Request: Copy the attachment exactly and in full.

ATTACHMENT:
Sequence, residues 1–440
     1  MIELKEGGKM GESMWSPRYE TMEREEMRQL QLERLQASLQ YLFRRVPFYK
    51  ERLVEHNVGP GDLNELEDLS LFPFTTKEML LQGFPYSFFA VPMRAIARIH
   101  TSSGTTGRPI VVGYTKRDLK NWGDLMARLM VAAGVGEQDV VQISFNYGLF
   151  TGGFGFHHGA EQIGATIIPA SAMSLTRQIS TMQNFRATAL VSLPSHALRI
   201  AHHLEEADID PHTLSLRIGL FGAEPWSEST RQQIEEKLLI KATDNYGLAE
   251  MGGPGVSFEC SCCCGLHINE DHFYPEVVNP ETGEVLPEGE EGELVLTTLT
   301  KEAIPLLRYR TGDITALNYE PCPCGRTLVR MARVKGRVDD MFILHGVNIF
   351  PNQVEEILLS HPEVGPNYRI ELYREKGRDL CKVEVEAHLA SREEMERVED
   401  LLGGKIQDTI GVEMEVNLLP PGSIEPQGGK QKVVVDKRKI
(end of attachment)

Sequence, residues 1–440
     1  MIELKEGGKM GESMWSPRYE TMEREEMRQL QLERLQASLQ YLFRRVPFYK
    51  ERLVEHNVGP GDLNELEDLS LFPFTTKEML LQGFPYSFFA VPMRAIARIH
   101  TSSGTTGRPI VVGYTKRDLK NWGDLMARLM VAAGVGEQDV VQISFNYGLF
   151  TGGFGFHHGA EQIGATIIPA SAMSLTRQIS TMQNFRATAL VSLPSHALRI
   201  AHHLEEADID PHTLSLRIGL FGAEPWSEST RQQIEEKLLI KATDNYGLAE
   251  MGGPGVSFEC SCCCGLHINE DHFYPEVVNP ETGEVLPEGE EGELVLTTLT
   301  KEAIPLLRYR TGDITALNYE PCPCGRTLVR MARVKGRVDD MFILHGVNIF
   351  PNQVEEILLS HPEVGPNYRI ELYREKGRDL CKVEVEAHLA SREEMERVED
   401  LLGGKIQDTI GVEMEVNLLP PGSIEPQGGK QKVVVDKRKI